I have never met Sean Parker.
I don’t know if the movie portrayal of him is accurate and I don’t particularly care.
What I do care about is that a person who is long on vision and has a knack for being around big companies early on is now living in New York City.
Parker made a huge dent in the web as co-founder of Napster, then built Plaxo up to 20 million users. Say what you will about either company, they got up to huge userbases and had audaciously big aspirations.
He spotted Facebook in 2004 and Spotify in 2009. With Facebook, he is rumoured to be the guy who whispered in Mark Zuckerberg’s ear about the potential scope of the company–which I tend to believe. It seems more likely that a guy who has made a career of “going big” came up with the idea of taking over the world there than a college kid who had previously built a music app and flipped it.
So what would have happened had Sean met Joshua Schachter in 2005–would Josh have still sold out early to Yahoo! or would he have been convinced to take a financing round? Seems to me that New York could use a guy who goes around broadening the visions of New York entrepreneurs.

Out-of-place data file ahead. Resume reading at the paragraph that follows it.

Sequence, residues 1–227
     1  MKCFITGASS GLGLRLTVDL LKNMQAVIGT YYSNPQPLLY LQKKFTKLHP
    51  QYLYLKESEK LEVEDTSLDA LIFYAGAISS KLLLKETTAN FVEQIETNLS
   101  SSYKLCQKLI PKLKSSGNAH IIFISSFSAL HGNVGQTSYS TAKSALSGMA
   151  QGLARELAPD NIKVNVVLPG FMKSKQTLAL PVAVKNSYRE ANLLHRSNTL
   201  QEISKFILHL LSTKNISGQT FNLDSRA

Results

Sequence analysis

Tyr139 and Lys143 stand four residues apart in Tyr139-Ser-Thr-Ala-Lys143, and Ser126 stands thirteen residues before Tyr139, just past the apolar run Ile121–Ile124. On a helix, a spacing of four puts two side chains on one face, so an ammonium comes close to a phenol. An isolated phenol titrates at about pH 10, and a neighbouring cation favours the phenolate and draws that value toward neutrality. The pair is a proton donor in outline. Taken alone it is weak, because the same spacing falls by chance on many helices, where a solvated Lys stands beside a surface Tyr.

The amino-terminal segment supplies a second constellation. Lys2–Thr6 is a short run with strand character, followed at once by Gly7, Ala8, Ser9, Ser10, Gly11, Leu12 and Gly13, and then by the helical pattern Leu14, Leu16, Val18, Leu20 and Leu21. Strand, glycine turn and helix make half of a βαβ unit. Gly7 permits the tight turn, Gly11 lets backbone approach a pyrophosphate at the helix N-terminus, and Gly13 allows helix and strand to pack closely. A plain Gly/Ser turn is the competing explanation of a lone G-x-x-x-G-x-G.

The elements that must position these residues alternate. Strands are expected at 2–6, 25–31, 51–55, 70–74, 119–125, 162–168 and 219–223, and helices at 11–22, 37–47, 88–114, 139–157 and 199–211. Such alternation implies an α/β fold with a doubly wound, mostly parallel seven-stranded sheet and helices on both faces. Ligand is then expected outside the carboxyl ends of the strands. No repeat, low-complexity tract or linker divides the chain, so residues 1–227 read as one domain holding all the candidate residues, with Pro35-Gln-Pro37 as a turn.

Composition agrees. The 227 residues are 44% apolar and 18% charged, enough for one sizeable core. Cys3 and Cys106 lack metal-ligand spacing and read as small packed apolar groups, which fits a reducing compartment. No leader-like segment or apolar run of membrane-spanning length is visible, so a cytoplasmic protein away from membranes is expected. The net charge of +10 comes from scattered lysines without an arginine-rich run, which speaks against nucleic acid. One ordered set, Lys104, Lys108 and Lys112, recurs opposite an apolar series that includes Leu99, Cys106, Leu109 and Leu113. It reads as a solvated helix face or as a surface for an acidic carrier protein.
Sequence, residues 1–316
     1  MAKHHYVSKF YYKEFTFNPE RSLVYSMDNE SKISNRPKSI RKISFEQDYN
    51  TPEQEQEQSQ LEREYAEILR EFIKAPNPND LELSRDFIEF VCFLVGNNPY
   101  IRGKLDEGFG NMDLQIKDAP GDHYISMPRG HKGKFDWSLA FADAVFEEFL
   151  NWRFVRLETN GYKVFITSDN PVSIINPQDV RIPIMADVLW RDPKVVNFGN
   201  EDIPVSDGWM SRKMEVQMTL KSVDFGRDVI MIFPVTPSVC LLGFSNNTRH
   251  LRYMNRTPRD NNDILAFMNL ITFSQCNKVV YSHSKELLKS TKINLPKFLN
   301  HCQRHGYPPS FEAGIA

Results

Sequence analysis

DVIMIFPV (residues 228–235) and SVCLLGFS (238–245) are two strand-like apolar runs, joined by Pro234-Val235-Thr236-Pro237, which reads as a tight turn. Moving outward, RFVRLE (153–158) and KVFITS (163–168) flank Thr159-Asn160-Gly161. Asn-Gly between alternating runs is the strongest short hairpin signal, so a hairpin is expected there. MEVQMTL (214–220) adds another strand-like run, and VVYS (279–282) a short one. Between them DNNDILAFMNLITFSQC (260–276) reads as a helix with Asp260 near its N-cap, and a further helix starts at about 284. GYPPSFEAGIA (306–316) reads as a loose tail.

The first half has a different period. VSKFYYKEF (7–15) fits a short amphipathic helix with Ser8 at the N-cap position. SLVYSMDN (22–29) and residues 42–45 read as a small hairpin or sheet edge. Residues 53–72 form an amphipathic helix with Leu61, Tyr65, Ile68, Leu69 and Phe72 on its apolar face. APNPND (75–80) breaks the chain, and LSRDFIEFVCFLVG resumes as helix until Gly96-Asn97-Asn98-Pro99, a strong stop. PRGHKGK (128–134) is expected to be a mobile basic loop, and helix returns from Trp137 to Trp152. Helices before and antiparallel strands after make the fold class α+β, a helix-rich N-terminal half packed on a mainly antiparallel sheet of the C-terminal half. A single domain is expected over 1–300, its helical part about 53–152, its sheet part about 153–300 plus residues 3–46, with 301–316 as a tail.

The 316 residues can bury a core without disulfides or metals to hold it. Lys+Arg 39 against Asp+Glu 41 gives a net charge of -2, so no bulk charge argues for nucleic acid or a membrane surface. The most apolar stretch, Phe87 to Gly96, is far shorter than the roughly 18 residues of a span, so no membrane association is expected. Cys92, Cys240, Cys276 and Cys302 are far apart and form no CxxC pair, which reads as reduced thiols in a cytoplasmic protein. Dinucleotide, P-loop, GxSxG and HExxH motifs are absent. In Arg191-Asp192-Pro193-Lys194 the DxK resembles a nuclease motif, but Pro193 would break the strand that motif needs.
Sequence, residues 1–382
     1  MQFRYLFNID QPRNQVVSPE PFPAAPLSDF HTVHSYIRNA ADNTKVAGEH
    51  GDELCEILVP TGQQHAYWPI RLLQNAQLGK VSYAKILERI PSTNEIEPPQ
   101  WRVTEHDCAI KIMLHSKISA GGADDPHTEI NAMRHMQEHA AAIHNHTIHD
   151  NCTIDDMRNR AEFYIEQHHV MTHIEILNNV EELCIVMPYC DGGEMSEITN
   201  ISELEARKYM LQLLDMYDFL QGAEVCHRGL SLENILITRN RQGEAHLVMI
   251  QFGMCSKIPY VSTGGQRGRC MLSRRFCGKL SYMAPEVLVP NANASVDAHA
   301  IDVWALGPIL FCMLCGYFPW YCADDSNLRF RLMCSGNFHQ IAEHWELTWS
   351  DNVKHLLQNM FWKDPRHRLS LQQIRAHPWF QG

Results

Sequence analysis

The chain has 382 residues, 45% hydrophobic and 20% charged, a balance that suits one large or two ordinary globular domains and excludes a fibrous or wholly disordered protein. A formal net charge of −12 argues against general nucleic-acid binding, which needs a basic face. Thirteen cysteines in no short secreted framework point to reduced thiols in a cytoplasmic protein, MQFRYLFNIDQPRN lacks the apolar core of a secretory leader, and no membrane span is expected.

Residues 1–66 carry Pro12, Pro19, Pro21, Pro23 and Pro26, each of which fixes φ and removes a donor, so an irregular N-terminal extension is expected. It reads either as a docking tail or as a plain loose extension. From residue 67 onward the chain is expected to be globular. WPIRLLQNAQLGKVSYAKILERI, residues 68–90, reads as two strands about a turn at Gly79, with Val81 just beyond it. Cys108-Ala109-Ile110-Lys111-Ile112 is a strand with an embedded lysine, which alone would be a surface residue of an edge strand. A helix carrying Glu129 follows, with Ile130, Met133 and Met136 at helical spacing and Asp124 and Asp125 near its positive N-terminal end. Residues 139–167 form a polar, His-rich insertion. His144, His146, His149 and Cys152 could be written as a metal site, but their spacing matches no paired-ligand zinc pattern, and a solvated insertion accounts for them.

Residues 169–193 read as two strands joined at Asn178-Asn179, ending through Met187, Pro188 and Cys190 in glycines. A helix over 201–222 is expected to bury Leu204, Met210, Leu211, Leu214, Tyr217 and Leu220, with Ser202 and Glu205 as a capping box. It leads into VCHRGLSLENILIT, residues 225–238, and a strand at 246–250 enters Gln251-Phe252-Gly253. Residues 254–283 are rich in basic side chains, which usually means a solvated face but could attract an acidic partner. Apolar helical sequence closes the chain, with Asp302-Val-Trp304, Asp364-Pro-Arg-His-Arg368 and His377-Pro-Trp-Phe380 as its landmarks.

If anything, as far as New York has come, that’s the big knock on us–that we haven’t yet built the billion dollar exit–a huge, hairy, impactful company that is native to NYC. I’m not surprised, because New Yorkers have more of a trading/investment mentality–thinking that it’s better to take a sure $100 million than go for a home run with a lot more capital.
We’re seeing some exceptions, of course–like Kickstarter, Tumblr, and Foursquare–but that points to another issue. Companies going for the long ball aren’t discovered–they’re juiced up to go for the homerun, with financing. Foursquare was in the same position as lots of other companies when they took that first big round from AH, but it was up to a big venture capital firm to decide that this was a company in the first inning rather than the fifth, and to give it a big runway to think much bigger. Dennis is surely a big idea guy, but I don’t think that when he launched Foursquare he was thinking “Let’s put $100 million of financing in this thing and see how far we can go with it.”
That’s the kind of thinking that Union Square Ventures has–it’s not an accident that the three companies I’ve mentioned were all funded by USV, but we can’t rely on just one VC to think about funding the billion dollar company. The valley has only produced a small number of those huge exits, but they have dozens and dozens of funds all thinking that way–and looking for patterns of that potential.
Sean Parker is one of those patterns. He’s in and around big potential companies–or at least is good at telling the story how a company can have big potential. VCs seem to listen.
NYC needs him not only to wave the flag a bit on the ideas here that could go big, but also to share the steps needed to get here with the local community. We need to hear that big is an option from someone who was in and around the companies we look up to a big successes–because local NYC companies don’t get enough of that from local folks.
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